SARATOGA SPRINGS -- A cool breeze blew across the freshly harrowed dirt as exercise riders chatting in Spanish jogged their mounts along the outside rail. Approaching hoofbeats provided the soundtrack on a comfortable, cloudless morning.
Owners, trainers, clockers and fans congregate daily at the Oklahoma training track adjacent to Saratoga's backstretch. It's one of the thoroughbred world's most picturesque spots, America's answer to France's training center near the forest of Chantilly and the undulating gallops at Newmarket, headquarters of English racing for 350 years.
David Hirsch of Bellmore has been coming to Saratoga for 40 years, and recently he checked out the workouts at Oklahoma for the first time. "This is tremendous,'' he said. "If you brought somebody here who had absolutely no interest in racing and showed them this, how could they not like it?"
Show up on the Spa's backstretch at 9 on a summer day and you'll see a who's who of racing. Jockey agent Angel Cordero chatted up trainer Steve Asmussen, perhaps trying to get his client, John Velazquez, "on a horse.'' As Johnny V. zipped past on a Todd Pletcher-trained filly, Cordero told Velazquez's son, Michael Patrick, "There's your daddy.'' Pletcher scrutinized his filly through binoculars and walked to the clockers' stand to find out her exact time.
Merrick native Gary Contessa, a member of Calhoun High School's Hall of Fame, trained 159 winners in 2007, a New York Racing Association record. Contessa instructed a rider who admittedly was confused about where to begin a breeze. "Nick, I know I never asked you before to work one 6 furlongs here. Now, you're fired,'' Contessa joked. "Start right over there.''
A young girl in a pink T-shirt, clearly enthralled by the scene, did running commentary for her mother. "That one's just like Belle, with her tongue hanging out the side of her mouth,'' she said. "Ooh, this one wants to run. He's like, 'Hey, let's go.' ''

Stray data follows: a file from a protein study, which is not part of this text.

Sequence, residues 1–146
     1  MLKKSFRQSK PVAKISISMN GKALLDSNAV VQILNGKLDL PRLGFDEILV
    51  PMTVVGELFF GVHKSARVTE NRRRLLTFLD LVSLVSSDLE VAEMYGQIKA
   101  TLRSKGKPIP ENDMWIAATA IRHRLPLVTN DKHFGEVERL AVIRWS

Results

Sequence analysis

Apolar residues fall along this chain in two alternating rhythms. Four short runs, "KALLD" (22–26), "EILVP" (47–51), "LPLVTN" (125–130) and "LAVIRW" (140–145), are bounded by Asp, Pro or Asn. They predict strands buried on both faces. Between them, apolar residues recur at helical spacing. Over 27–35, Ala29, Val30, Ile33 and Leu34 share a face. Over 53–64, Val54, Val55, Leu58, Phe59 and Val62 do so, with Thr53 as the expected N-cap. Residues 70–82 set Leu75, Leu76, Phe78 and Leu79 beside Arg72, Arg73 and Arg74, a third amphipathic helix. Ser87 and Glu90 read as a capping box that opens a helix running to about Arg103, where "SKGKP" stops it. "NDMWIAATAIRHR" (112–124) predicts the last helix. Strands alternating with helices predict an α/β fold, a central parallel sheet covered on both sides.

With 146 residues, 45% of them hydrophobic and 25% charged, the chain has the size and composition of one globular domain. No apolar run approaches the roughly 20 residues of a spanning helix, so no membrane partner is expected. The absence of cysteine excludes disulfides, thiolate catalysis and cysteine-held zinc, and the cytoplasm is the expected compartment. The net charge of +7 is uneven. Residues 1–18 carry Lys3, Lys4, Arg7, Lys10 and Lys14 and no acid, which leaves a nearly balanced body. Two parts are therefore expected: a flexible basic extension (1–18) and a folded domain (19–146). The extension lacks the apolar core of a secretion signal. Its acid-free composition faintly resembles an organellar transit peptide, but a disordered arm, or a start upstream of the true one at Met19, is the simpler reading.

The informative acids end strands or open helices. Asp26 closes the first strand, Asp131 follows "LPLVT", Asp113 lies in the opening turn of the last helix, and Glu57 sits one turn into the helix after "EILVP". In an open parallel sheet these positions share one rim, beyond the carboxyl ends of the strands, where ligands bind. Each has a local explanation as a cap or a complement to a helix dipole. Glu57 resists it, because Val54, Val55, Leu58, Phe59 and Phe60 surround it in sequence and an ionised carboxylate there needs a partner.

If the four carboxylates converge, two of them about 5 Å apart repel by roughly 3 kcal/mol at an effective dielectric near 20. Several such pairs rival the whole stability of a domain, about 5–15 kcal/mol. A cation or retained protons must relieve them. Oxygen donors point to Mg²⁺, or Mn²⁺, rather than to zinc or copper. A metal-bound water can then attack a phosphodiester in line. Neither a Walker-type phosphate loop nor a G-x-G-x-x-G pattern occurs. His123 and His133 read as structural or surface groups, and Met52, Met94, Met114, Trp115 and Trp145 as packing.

Anthony Dutrow, 54, and younger brothers Rick and Chip grew up in Maryland working for their father, the late trainer Richard Dutrow. Like Rick, who won the 2008 Kentucky Derby and Preakness with Big Brown, Anthony has become a nationally prominent trainer. He can't imagine anything better than being stabled up here.
"Oh, Saratoga's great,'' Anthony Dutrow said. "It's one of the few places where you can see racing at its finest, and in an atmosphere that's made for horses. It's a busy place and you don't get a lot of sleep up here. You're always doing something horse related. But I do enjoy it, and I think it's really one of the wonderful things that horse racing has left.
"And really, don't feel too sorry for us horse trainers, because I think most of them would agree that we're on a vacation every day. We get up and get to work with these beautiful horses, and it's really a wonderful situation. So I think most of them would tell you that every day is a vacation.''
Notes & quotes: Zo Impressive, who fractured her right foreleg in Saturday's Alabama Stakes, was resting comfortably in her stall Sunday, trainer Tom Albertrani said. After surgery this week in Kentucky, a decision on her racing future will be made . . . Jim Dandy winner Alpha's challengers for Saturday's 1 1/4-mile Travers Stakes include Hansen, Atigun, Liaison, Neck 'n Neck, Nonios, Street Life, Stealcase and Five Sixteen . . . History Boy's steeplechase victory Thursday gave Hall of Fame trainer Jonathan Sheppard at least one win at every Saratoga meeting dating to 1967. Sheppard, a 71-year-old native of England, also won a grass race Friday . . . Stephanie's Kitten ($4.20) overtook Centre Court in the final strides to win the Grade II, 1 1/8-mile Lake Placid Stakes for 3-year-old fillies on the inner turf.